Watching Terminator 2: Judgement Day (1991) for the first time in three years made me remember how amazing movies could be. Director James Cameron had previously achieved unexpected success with The Terminator (1984), a moody and relentlessly bleak tech-noir thriller. The inevitable sequel came armed with a blockbuster budget and state-of-the-arts visual effects, and it is a triumph on every level. The two films are very different, of course – just as Cameron's Aliens (1986) was very different from Ridley Scott's Alien (1979). The first Terminator film was a down-and-dirty dystopian sci-fi, where the modern-day setting is just as drab and ominous as the terrifying future. In Judgement Day, Cameron juggles a tricky juxtaposition of hope and despair. The blindingly-vivid 1990s action sequences feel as though they were captured in the flash of a nuclear explosion, and their dazzling intensity make our glimpse of a bleak, war-ridden future all the more horrific.
Science-fiction has often tackled the notion that Mankind's technology is destined to rebel, as in 2001: A Space Odyssey (1968). However, unlike most entries to the genre, T2: Judgement Day takes the time to explore the idea. As in Kubrick's film, the fates of humans and machines become inescapably entwined: Man is no longer merely the designer (a la Dr. Frankenstein) who creates an artificial son, but one who must learn from his progeny. Accordingly, John Connor (Edward Furlong) and the Terminator (Arnold Schwarzenegger) share a father-son relationship that twists back on itself like a Moebius strip, each half teaching the other. In one haunting sequence, Sarah Connor (Linda Hamilton) grimly contemplates the Terminator's unwavering loyalty towards John, and his ironic suitability as a father figure. This grotesque interlacing of familial roles speaks a clear message: if Judgement Day is to be averted, Man and Machine must coexist as equals, though human vanity may never allow it.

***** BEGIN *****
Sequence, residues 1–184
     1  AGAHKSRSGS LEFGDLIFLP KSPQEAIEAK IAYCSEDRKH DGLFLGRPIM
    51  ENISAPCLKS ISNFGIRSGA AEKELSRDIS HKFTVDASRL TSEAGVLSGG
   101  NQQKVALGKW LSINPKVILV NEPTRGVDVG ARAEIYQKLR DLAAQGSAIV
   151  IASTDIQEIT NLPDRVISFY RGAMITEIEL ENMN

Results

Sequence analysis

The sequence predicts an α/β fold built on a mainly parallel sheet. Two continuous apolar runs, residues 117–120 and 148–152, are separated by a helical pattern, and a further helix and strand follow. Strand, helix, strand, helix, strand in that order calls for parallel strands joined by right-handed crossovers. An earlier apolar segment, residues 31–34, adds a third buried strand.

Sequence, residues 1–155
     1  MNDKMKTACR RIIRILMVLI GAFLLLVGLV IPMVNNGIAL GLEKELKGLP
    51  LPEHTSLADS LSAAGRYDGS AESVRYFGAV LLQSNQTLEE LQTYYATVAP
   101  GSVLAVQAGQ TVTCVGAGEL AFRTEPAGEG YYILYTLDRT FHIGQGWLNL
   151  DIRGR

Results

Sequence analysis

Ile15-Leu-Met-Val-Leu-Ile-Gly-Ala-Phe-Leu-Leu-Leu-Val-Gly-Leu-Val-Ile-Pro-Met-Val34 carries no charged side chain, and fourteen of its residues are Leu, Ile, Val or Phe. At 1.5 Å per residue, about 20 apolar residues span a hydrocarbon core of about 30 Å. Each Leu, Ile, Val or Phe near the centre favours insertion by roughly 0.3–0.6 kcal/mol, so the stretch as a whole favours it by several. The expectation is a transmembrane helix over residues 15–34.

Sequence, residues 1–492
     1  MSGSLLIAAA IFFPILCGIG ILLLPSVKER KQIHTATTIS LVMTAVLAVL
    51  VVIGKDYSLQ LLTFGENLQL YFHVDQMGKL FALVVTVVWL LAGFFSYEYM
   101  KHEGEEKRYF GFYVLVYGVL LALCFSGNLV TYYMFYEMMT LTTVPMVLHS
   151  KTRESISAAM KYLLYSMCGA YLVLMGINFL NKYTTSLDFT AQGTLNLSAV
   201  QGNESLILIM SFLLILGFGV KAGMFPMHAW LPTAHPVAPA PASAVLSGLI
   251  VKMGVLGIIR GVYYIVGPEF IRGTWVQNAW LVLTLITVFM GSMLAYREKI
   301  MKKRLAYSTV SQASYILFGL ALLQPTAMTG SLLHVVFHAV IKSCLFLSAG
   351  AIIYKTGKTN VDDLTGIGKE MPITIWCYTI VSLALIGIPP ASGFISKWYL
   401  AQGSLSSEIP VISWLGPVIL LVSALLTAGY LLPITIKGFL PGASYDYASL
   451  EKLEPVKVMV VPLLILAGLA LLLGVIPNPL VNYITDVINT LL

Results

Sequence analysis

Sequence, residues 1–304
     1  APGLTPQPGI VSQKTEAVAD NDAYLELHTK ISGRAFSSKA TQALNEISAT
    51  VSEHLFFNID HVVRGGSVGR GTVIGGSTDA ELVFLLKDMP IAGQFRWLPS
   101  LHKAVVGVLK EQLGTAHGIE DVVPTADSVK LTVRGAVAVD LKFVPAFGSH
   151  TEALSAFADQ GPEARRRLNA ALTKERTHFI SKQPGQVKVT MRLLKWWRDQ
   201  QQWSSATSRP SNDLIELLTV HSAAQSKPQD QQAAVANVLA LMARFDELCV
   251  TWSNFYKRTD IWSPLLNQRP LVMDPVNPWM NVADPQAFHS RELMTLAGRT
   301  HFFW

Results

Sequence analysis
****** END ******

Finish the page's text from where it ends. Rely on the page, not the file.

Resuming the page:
Throughout the film, Cameron weaves one astonishing action set-piece after another, utilising a seamless combination CGI and optical trickery. The T-1000 Terminator at first glance seems reasonably innocuous, but Robert Patrick brings something icily sinister to the role, a cold intelligence that isn't strictly mechanical but somehow filled with imagination. An equally fascinating character, I thought, was Linda Hamilton's Sarah Connor, a complete reversal from the innocent Sarah Connor of the previous film. Now emotionally hardened by the prospect of nuclear holocaust, Sarah sees only ghosts where she once saw people, her apathy stemmed only by her maternal instincts towards John. In a haunting dream sequence, Sarah Connor is powerless to warn a younger version of herself (representative of society at large) of the coming dangers, her screams consumed by a nuclear blast that levels cities and engulfs her in flames. Hamilton's performance is bold and ferocious, perhaps cinema's most intense female action role (not coincidentally, James Cameron also provided us with the runner-up, Ellen Ripley (Sigourney Weaver) in Aliens).

Currently my #2 film of 1991:
1) The Silence of the Lambs (Jonathan Demme)
2) Terminator 2: Judgment Day (James Cameron)
3) JFK (Oliver Stone)
4) Hearts Of Darkness: A Filmmaker’s Apocalypse (Fax Bahr, George Hickenlooper, Eleanor Coppola)
5) Barton Fink (Joel Coen, Ethan Coen)